CLEAR SPRING, Md. (AP) — With white hair and a worn memory, 90-year-old Charlotte Eccard doesn’t remember the details of a somber letter that she wrote 69 years ago to her parents in Clear Spring.

But the words on the faded paper speak volumes about what she was thinking.

“They aren’t sending his body home are they?” she wrote on Dec. 9, 1941. “Don’t blame me if you can’t read this because my eyes are all blinded with tears.”

Eccard was writing about her friend and former Clear Spring resident Joseph C. Herbert. He was killed Dec. 7, 1941, when Japanese naval forces attacked Pearl Harbor.

An Army staff sergeant, Herbert was the first Marylander to die in World War II. The American Legion post near Clear Spring bears his name.

This week, Eccard, her daughter, Kathy Mellott, and other family members donated the letter to the legion. They also contributed two Hawaiian carvings that Herbert sent to Eccard as Christmas presents just before his death.

“We’re all very grateful for the gesture,” said Ed Clopper, Eccard’s cousin and adjutant of the Clear Spring American Legion. “We know it’s difficult for the family to (part) with this. It certainly benefits our history. He’s our namesake.”

A 1938 graduate of Clear Spring High School, Eccard, who was then Charlotte Clopper, was working in Baltimore as an X-ray technician when she heard about Herbert’s death.

In the letter, Eccard said she received the bad news in a card from her cousin. Eccard then read about it in the newspaper.

“Save me all the clippings you can get on it,” she wrote to her parents.

Mellott said Eccard’s mother, Virginia Clopper, kept the letter until she died in 1976. It then passed through the hands of several family members until March, when it was given to Mellott during Eccard’s 90th birthday party.

“I was very excited about it,” Mellott said. “I knew about the gifts and the stories that mom had told, but this just confirms they were friends.”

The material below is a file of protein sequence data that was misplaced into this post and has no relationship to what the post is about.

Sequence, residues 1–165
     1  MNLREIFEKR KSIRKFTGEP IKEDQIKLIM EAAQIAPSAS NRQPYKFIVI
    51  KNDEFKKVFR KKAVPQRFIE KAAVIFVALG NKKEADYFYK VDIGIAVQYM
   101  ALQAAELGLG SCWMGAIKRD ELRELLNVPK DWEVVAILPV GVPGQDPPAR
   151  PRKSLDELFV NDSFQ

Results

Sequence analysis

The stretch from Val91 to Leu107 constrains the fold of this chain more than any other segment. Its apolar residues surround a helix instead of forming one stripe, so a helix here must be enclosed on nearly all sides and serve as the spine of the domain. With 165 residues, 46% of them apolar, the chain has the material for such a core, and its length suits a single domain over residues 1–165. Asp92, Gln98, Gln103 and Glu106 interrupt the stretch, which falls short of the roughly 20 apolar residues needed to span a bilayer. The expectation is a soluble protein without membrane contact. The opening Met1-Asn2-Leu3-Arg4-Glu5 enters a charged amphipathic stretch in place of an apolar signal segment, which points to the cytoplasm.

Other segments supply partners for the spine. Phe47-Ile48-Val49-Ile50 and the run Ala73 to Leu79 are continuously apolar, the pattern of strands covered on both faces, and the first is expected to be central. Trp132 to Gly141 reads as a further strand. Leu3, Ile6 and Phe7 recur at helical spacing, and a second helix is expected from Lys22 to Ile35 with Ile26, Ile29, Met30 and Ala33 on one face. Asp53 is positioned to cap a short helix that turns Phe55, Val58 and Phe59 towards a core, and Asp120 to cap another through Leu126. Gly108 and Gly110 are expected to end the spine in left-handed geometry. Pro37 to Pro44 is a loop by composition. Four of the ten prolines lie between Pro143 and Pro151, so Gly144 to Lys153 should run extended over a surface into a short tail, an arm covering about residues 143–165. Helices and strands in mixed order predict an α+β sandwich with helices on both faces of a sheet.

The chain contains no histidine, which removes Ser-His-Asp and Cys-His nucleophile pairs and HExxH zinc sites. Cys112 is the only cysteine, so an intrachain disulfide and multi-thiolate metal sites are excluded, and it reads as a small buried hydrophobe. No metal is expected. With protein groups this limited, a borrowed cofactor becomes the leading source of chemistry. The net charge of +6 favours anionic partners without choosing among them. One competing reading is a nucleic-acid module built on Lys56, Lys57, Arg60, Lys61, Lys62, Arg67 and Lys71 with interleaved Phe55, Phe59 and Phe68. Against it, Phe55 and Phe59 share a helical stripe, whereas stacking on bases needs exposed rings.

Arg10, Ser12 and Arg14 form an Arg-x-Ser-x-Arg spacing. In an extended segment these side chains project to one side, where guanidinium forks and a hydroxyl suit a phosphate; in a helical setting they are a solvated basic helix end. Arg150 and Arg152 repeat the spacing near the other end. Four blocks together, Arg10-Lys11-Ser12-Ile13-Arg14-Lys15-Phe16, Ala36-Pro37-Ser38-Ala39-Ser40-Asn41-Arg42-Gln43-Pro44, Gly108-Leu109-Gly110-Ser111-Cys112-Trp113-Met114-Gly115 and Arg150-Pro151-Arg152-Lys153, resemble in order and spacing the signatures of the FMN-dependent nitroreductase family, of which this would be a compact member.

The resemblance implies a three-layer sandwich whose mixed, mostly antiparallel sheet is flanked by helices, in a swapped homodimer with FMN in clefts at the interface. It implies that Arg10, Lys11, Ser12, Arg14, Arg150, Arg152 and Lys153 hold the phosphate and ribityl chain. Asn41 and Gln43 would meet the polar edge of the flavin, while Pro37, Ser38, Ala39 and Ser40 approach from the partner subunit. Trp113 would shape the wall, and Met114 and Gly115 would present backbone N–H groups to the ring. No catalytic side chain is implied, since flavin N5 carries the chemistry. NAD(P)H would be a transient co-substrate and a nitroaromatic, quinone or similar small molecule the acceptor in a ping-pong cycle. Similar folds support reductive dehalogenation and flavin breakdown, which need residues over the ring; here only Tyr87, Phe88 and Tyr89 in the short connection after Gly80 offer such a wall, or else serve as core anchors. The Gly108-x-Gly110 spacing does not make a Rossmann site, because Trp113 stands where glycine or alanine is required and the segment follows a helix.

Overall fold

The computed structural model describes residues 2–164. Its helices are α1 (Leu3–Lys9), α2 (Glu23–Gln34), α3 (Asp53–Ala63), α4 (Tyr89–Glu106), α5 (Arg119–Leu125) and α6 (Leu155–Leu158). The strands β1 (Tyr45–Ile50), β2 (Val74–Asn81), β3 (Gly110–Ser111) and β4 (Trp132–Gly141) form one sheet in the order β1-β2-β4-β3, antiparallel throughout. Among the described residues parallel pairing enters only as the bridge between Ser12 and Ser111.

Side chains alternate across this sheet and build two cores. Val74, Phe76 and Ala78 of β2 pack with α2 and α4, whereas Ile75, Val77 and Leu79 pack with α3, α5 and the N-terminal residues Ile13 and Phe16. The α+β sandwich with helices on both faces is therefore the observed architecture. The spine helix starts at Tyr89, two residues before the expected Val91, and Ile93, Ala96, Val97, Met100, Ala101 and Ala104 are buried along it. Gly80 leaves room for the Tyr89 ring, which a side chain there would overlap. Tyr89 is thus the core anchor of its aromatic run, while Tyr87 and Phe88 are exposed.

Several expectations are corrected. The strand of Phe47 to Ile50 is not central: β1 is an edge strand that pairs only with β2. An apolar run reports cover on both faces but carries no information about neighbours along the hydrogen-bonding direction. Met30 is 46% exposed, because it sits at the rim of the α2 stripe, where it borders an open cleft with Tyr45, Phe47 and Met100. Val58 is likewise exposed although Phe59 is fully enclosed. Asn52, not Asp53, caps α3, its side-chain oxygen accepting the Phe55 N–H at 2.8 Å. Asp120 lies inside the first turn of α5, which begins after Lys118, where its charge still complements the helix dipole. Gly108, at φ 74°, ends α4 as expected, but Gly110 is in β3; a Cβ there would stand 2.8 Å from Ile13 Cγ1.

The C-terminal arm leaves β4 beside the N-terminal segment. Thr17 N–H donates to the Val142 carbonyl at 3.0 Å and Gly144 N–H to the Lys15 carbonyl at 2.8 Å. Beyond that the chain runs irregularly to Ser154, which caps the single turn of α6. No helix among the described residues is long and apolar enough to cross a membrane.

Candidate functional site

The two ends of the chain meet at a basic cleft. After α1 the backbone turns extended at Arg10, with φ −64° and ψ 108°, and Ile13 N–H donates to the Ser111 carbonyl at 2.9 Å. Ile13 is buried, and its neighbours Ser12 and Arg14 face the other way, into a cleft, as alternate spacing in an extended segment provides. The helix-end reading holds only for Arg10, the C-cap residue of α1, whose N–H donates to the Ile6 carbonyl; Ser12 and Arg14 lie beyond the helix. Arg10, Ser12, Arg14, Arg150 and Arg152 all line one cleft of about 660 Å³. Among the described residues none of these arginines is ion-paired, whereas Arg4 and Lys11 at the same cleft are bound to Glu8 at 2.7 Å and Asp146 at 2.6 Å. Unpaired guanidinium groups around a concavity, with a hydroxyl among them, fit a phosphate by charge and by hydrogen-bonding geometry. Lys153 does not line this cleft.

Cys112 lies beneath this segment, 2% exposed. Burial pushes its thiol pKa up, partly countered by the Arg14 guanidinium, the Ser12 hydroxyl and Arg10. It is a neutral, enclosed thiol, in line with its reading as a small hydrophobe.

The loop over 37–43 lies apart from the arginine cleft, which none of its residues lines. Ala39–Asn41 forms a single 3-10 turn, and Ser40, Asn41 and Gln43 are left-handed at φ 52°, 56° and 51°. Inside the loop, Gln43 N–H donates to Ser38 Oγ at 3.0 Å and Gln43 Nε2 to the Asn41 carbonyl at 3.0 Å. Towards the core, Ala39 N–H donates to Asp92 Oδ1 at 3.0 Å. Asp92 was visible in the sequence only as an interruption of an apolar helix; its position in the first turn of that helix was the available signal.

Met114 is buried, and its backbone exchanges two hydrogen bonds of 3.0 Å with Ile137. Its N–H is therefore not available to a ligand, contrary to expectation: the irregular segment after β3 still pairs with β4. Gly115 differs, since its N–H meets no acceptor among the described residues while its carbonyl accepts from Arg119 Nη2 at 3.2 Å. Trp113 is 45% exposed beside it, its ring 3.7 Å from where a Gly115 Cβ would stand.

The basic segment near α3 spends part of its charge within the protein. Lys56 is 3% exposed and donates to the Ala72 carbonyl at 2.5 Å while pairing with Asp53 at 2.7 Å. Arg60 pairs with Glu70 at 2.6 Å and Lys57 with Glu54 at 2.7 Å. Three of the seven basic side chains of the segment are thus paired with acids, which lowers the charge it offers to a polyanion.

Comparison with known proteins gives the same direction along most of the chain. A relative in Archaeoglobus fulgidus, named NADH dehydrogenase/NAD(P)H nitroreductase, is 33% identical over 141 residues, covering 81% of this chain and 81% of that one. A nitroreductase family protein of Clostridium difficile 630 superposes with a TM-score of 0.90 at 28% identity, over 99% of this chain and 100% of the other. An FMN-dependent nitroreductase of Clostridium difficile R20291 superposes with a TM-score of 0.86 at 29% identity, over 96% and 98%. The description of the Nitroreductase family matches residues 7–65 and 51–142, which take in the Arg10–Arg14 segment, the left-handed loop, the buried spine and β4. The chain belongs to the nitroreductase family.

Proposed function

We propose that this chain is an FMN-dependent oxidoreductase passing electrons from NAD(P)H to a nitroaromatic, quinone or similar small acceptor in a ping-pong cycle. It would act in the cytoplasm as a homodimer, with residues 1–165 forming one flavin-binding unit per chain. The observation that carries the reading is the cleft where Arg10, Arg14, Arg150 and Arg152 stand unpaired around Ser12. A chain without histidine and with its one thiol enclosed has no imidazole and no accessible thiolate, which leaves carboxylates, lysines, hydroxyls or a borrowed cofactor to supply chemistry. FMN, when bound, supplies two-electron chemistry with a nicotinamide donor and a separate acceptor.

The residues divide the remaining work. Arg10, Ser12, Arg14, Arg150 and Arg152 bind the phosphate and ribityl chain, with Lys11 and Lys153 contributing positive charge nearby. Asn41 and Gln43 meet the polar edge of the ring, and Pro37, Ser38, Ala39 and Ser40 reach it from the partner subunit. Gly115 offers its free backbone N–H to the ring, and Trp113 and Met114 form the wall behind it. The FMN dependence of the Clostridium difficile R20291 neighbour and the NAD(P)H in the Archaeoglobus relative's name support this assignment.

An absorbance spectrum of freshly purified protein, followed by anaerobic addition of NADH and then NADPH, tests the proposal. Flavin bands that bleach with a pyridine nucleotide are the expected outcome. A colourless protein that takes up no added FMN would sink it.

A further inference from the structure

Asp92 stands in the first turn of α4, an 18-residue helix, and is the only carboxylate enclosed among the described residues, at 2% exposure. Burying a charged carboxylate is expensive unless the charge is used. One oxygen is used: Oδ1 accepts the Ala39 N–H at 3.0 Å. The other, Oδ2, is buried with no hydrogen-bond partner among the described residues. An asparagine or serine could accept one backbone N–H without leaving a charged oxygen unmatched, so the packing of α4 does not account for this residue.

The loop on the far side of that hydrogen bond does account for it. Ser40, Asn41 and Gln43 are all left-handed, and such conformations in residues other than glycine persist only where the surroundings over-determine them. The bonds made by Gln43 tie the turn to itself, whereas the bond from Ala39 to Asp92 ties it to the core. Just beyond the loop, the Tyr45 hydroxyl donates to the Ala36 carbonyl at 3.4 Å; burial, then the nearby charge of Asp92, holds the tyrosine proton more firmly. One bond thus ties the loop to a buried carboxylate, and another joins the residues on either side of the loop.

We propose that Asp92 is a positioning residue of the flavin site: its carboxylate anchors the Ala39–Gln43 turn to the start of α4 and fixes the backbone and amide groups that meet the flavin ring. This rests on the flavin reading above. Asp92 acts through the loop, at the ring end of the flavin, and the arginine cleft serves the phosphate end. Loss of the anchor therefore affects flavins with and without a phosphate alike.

Eccard and Herbert grew up a few blocks from each other and quickly began a friendship. Eccard smiled when she was asked whether their relationship blossomed into romance.

“He used to come to my house,” she said. “It’s so hard to remember back then. It was a long time ago.”

Eccard said the two often wrote to each other. She claimed in the letter that she considered writing Herbert on Dec. 7, but later decided against it.

“It seemed like something just told me the mail wouldn’t go through, so I thought I would wait a couple of days,” she wrote. “Poor Joe was dead when I was thinking that.”

She then tried to change the tone of the letter to something more pleasant, saying she planned to get a ride from Baltimore to Clear Spring to visit her parents.

“Maybe we can go into town (Saturday) night,” she wrote. “I don’t seem to be able to get any shopping done down here … Love Charlotte.”

Pearl Harbor touched Clear Spring several months after the attack.

According to a newspaper story that ran in The Daily Mail on April 27, 1942, Herbert’s father was so grief stricken over the loss of his son that he committed suicide.

“The (Japanese) attack on Pearl Harbor last December 7, is believed to have prompted the suicide early today of Walter Jacob Herbert, 60, well known farmer of near Clear (Spring),” the story said. “Mr. Herbert’s body was found in the kitchen of his farm home at 7 o’clock by Harvey Drury, a farm hand, who called at the house to ask Mr. Herbert’s assistance in repairing a plow. A shotgun was found along side the body.”

The Herberts are buried together in Rose Hill Cemetery east of Clear Spring.

(Copyright 2010 by The Associated Press. All Rights Reserved.)


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